Besides bladder control training, there are several other ways to help manage incontinence:
- Sometimes doctors suggest
a small, throwaway patch; a small, tampon-like urethral
plug; or a vaginal insert called a pessary for women
with stress incontinence.
- A doctor can prescribe medicines
to treat incontinence. Some drugs prevent unwanted bladder contractions.
Some relax muscles, helping the bladder to empty more fully during
urination. Others tighten muscles in the bladder and urethra to
cut down leakage. These drugs can sometimes cause side effects such
as dry mouth, eye problems, or urine buildup. Vaginal estrogen may
be helpful in women after menopause. Talk with your doctor about
the benefits and side effects of using any of these medicines for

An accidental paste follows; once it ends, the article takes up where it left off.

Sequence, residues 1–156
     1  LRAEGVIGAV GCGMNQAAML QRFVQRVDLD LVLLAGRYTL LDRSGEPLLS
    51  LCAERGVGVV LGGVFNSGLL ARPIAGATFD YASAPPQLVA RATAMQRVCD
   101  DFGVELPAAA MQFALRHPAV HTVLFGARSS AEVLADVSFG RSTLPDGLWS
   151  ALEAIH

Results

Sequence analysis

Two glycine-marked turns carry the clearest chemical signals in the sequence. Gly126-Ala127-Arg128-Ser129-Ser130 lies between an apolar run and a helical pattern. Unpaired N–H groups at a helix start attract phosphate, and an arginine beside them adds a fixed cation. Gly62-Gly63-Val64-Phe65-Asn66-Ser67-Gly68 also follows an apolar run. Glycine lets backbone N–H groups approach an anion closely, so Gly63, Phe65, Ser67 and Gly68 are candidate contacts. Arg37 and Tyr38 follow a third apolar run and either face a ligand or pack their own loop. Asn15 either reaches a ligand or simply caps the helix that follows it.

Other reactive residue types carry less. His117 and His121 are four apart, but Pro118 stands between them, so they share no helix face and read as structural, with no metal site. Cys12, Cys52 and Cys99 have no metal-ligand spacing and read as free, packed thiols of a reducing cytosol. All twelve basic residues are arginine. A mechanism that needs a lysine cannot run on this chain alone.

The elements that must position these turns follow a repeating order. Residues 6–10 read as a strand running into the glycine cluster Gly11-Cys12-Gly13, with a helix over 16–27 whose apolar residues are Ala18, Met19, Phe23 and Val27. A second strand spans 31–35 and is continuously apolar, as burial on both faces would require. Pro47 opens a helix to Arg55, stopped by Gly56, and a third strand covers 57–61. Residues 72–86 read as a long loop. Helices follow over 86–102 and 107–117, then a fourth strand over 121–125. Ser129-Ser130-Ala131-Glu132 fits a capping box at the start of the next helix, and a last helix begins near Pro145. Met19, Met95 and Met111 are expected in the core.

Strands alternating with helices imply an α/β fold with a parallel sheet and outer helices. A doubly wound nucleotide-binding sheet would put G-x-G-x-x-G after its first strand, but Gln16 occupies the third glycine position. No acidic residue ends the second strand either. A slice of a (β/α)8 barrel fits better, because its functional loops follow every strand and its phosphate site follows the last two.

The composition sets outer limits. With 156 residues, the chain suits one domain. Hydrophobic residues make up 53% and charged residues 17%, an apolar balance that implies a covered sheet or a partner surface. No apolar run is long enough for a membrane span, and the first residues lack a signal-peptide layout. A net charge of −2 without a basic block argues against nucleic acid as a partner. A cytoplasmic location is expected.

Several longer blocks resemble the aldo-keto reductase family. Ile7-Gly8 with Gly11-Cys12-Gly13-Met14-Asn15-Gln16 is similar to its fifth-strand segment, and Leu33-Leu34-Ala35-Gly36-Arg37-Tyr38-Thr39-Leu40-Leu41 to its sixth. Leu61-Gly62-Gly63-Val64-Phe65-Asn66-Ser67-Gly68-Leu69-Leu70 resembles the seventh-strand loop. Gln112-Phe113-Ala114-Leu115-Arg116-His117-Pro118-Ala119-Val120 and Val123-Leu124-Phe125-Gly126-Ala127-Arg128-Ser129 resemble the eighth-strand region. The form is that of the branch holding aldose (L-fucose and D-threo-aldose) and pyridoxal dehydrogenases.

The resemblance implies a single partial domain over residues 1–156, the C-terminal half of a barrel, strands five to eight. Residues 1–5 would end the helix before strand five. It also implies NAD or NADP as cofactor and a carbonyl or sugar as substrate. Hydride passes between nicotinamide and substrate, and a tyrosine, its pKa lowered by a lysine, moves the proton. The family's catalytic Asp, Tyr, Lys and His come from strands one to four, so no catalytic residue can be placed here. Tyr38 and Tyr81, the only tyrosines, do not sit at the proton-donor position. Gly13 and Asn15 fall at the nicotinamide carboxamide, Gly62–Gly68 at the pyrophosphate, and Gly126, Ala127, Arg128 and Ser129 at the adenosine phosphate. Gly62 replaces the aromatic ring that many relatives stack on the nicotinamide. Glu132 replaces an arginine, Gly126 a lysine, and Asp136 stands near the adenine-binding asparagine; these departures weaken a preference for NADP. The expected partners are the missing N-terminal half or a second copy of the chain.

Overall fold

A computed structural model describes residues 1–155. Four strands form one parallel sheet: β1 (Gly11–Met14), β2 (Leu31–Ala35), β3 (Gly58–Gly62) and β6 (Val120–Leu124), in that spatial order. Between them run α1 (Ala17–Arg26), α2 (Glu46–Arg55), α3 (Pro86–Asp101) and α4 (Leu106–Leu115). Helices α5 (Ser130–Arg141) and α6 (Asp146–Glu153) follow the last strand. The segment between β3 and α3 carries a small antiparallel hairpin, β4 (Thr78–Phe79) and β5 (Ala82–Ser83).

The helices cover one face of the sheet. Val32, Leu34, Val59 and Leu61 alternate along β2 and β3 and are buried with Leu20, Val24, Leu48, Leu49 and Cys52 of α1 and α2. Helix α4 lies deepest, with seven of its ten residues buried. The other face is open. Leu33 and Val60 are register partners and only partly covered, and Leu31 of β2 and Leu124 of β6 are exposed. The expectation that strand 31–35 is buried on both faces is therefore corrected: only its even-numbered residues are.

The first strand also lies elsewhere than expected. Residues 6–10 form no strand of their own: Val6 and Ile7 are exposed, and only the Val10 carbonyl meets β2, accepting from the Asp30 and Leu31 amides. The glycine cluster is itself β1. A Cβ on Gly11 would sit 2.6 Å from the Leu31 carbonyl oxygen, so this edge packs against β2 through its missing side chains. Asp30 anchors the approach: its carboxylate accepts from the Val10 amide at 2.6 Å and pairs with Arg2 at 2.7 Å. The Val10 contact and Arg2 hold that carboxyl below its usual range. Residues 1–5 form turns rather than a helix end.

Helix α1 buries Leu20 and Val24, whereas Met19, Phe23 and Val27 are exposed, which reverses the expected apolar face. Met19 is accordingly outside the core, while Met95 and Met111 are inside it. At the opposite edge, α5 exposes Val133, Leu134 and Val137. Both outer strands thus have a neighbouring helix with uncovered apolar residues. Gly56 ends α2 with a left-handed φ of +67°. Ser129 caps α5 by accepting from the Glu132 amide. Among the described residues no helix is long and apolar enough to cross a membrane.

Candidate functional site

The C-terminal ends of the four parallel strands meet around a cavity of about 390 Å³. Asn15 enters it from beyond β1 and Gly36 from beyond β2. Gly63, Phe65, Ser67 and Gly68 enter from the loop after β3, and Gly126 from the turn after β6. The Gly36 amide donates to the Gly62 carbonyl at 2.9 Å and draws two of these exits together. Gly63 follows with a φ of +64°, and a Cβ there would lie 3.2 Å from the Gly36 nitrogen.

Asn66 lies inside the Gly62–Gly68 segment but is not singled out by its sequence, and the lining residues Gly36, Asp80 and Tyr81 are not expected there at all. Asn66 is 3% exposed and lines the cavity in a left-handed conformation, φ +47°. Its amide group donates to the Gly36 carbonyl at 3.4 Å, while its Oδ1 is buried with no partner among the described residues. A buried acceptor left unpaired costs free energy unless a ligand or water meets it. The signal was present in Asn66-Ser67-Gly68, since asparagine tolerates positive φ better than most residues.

a long time.
- A doctor can inject an implant
into the area around the urethra. The implant adds bulk. This helps
close the urethra to reduce stress incontinence. Injections may
have to be repeated after a time because your body slowly gets rid
of these substances.
- Sometimes surgery can
improve or cure incontinence if it is caused by a problem such as
a change in the position of the bladder or blockage due to an enlarged
prostate. Common surgery for stress incontinence involves pulling
the bladder up and securing it. When stress incontinence is serious,
the surgeon may use a wide sling. This holds up the bladder and
narrows the urethra to prevent leakage.
- You can now buy special absorbent underclothing. It is not bulky and can be worn easily under everyday clothing.
If you suffer from urinary incontinence, tell your doctor. Remember, under a doctors care, incontinence can be treated and often cured. Even if treatment is not fully successful, careful managing can help you feel more relaxed and comfortable.